Pattern grading is an essential part of the garment production process, as it allows companies to produce a range of sizes from a single base pattern. It involves making precise adjustments to the base pattern to create patterns in different sizes while maintaining the fit and style of the original design. There are several pattern grading methods, including manual grading, which involves making physical adjustments to the pattern using grading rulers and other tools, and digital grading, which involves using computer software to make the necessary adjustments.
We use anthropometric knowledge to grade your pattern to specific size ranges from a base size sample pattern. We can apply industry standard grading rules, follow your company’s established grading system, or assist you in creating your own bespoke grading specifications. Grade House will ensure that the grade rule used reflects the targeted market sector for which the product is intended. Considering the price point, material type, retail level, and demographic of the consumer, gender, age range, garment usage, and their preferences in style and vanity.
Market Specific Sizing
Our ethos is that one size will not fit all, and therefore no one sizing system will be suitable for all our clients. We believe the most successful route to market acquisition for clothing brands is to research and target a specific customer base in order to guarantee their satisfaction and, by extension, their repeat business. We invest time and our knowledge of 15 years in the industry to enable our clients to expand beyond standard grading rules and into a more profitable sizing system designed specifically for them and their target demographic. We can do this for young start-ups by discussing your researched consumer profile (gender, age range, garment usage, and their preferences in style and vanity) as well as for already established brands by analysing data on your current customer base. The main markets we currently consult are a range of High-End Luxury Designers to Start-up companies. However, we are confident we can tackle further niche markets, so feel free to book a consultation and challenge us to yours today.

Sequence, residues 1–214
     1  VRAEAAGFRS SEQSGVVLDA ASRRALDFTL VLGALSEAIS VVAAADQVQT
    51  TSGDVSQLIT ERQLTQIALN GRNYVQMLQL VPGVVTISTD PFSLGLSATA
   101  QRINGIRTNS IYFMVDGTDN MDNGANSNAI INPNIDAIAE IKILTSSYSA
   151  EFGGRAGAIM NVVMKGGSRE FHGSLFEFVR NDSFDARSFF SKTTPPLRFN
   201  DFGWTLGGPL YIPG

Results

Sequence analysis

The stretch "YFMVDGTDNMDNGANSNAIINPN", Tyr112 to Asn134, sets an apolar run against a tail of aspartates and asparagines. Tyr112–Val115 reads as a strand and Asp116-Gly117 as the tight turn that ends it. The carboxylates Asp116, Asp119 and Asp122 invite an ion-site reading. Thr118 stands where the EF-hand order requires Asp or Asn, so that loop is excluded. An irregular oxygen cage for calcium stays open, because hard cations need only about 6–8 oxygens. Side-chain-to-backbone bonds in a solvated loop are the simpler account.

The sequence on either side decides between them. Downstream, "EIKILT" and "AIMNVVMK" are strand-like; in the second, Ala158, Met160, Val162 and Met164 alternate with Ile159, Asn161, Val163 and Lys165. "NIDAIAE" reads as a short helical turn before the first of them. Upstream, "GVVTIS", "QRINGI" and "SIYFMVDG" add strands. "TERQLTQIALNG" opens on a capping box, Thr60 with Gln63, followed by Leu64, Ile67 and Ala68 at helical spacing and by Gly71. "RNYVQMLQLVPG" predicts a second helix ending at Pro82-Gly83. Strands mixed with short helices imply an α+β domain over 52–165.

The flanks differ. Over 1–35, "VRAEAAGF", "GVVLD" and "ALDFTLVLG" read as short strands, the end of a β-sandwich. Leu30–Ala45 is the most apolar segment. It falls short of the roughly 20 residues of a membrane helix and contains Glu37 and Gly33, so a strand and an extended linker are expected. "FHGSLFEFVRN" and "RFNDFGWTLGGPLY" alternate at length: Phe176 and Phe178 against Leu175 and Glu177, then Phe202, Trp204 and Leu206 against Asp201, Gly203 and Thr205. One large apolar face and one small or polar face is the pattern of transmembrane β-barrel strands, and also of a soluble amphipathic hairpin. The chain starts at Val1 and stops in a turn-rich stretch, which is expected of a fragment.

For ladieswear, when designing a bespoke grading rule system, the main aspects to take into account are the consumer profile (age range, garment usage and style preferences) and the place your brand sits in the current market. Selecting and manipulating the size range is also particularly important for graders of womenswear as it can dramatically affect the perception of the brand and, therefore, the number of sales. For example, selecting a size range that skews smaller or larger can be advantageous in different market sectors. Additionally, the trend for vanity sizing amongst competing brands can be particularly profitable if executed within a bespoke grading system.
For menswear, the sizes used are 34, 36, 38, 40, 42, 44… 60 or S, M, L to XXXL will be determined by the type of garment. The identity of the customer and where the brand is placed in the market are contributing factors in deciding the measurements used in the base size pattern. The two measurement graders pay particular attention to our stature (ratio between chest and waist) and height (short, regular or long). Another feature of menswear grading is the research that indicates that men are less likely to try on garments before purchasing them. Bespoke grading means that you can design increments to maximise your exposure across the sizing spectrum, and secondly, you could closely align yourself to the sizes used by your competitors so that your consumer will be able to successfully select a size that fits and therefore reduce your amount of returns.